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Tax cuts may mean lower salary increases for lawyers in FY24–25

The revised stage-three tax cuts, together with other market factors, may well provide justification for employers not to give up-and-coming lawyers a larger salary bump for the new financial year.

user iconJerome Doraisamy 14 May 2024 Politics
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From 1 July, the reworked stage-three tax cuts – which passed Parliament in February – will come into effect and are set to be a centrepiece of Treasurer Jim Chalmers’ budget, being delivered tonight (Tuesday, 14 May).

Under the changes, lawyers earning between $50,000 and $135,000 will receive an extra $804 back, and those earning between $135,000 and $150,000 will also get more back, ranging between $104 and $154.

Lawyers who earn over $150,000 will still receive a tax cut; however, it will be smaller than originally intended in 2019. Lawyers with pay packets of $180,000, for example, will receive a tax that is $2,300 less than what the Morrison government had legislated for.


There is, arguably, a shift in the power dynamics between employer and employee when it comes to salary reviews and staffing considerations – in recent years, and as has been extensively reported by Lawyers Weekly, we have seen a “candidate’s market”.

Now, however, the tide may be turning back in favour of the decision-makers. And, alongside myriad market factors, the looming and more generous tax cuts for many lawyers could result in smaller salary increases as review season and the 2024–25 financial year approaches.

In an episode of The Lawyers Weekly Show, to be released later this week, Naiman Clarke managing director Elvira Naiman reflected that, following the “extreme hikes” in salary that were seen during the height of the global pandemic, there is a sense among employers she speaks to that there will be a “pivot back” towards what they might deem to be more reasonable increases in lawyers’ pay packages.

There are numerous factors for this, she explained, including that there is “certainly something of a power shift in favour of employers” happening in the market right now. This is being borne out, she said, in ways such as pushbacks on flexibility and work-from-home opportunities.

That being said, Naiman noted, a recent survey that her firm conducted on LinkedIn showed that, “alarmingly”, candidates currently expect to see a 15 per cent salary increase.

However, she went on, a tight market, inflation, the cost of living, and general economic sentiment mean it is very likely that “law firms won’t come to the party” relative to what their “employee expectations might be”.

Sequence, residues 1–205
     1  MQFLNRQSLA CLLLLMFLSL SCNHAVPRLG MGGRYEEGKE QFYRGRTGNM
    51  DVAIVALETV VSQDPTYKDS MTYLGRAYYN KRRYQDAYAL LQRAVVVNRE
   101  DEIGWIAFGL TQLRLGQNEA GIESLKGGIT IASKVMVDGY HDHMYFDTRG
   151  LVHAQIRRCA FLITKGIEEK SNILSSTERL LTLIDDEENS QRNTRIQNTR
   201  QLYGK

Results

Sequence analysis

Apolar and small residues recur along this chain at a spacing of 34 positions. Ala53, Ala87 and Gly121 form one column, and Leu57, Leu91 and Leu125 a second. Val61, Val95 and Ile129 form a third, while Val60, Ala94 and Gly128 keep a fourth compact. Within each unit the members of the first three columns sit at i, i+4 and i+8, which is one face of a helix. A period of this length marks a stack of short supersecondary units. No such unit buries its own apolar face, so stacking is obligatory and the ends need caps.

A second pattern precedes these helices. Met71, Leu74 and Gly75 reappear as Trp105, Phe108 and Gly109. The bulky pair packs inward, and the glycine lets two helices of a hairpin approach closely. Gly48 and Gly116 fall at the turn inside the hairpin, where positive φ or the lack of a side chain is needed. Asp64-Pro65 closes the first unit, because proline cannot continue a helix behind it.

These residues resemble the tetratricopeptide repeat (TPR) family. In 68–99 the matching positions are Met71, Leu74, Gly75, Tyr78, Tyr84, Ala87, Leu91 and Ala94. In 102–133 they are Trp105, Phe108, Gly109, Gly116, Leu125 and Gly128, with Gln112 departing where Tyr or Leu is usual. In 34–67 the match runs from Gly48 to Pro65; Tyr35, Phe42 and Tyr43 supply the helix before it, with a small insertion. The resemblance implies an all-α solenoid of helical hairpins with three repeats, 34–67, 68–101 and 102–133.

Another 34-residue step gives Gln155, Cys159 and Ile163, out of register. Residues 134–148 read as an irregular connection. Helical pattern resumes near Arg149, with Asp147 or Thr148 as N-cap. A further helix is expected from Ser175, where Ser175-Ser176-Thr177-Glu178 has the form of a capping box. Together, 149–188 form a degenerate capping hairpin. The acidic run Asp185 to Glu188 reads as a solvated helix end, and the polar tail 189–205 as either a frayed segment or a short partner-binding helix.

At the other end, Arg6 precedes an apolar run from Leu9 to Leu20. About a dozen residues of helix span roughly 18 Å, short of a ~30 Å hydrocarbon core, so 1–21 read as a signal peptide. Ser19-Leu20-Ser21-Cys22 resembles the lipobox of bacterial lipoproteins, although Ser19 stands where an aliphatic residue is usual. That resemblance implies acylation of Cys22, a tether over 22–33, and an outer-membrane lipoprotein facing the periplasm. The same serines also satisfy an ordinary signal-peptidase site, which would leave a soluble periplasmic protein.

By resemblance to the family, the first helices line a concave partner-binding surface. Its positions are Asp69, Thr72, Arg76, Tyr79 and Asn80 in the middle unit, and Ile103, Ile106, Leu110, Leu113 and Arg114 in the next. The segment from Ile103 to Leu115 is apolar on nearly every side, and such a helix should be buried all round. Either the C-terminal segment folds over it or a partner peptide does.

Anecdotally, Naiman understands that firms may only offer increases of $2,000 or $3,000 for those under senior associate level and around $5,000 for those at senior associate level.

“There’s certainly not appearing to be anywhere near the sort of 15 per cent plus, or even the 10 per cent plus that another third of the market is expecting,” she said.

Her personal view, she submitted, is that increases for the “majority of the market will fall in somewhere between 3 and 6 per cent”.

Strengthening this predicted range of pay rises is what Naiman is hearing from partners on the ground.

Conversations are happening at the leadership level, she said, about the looming tax cuts for individuals and the impact those changes will have on lawyers who might push for larger salary increases.

“Some law firms, I think, will rightly or wrongly take the real income increase through tax cuts into account when looking at salary increases,” she said.

“Whether employees view that as a justifiable manner of ascertaining their value, we’re yet to see. But I do suspect that some firms will kind of lay that fact down as one of the reasons why they don’t need to make the kind of increase that an employee might expect.”

Another potential consideration for employers, Naiman suggested, is a tightening of performance expectations and wanting to see lawyers demonstrate value in sort of tangible contributions to workplace culture, productivity, and efficiency.

Should this be front of mind, she said, transparent communication will be critical.

“I’d like for those conversations to be respectful and for employees to walk out of those conversations feeling that they are valued and that their growth is valued,” she said.

“I think that these discussions always need to occur on a sort of a real good faith basis. If law firms are more open to discussing profitability, charge-out rates, and all those things in concert, it might make the final review amount more palatable to an employee.”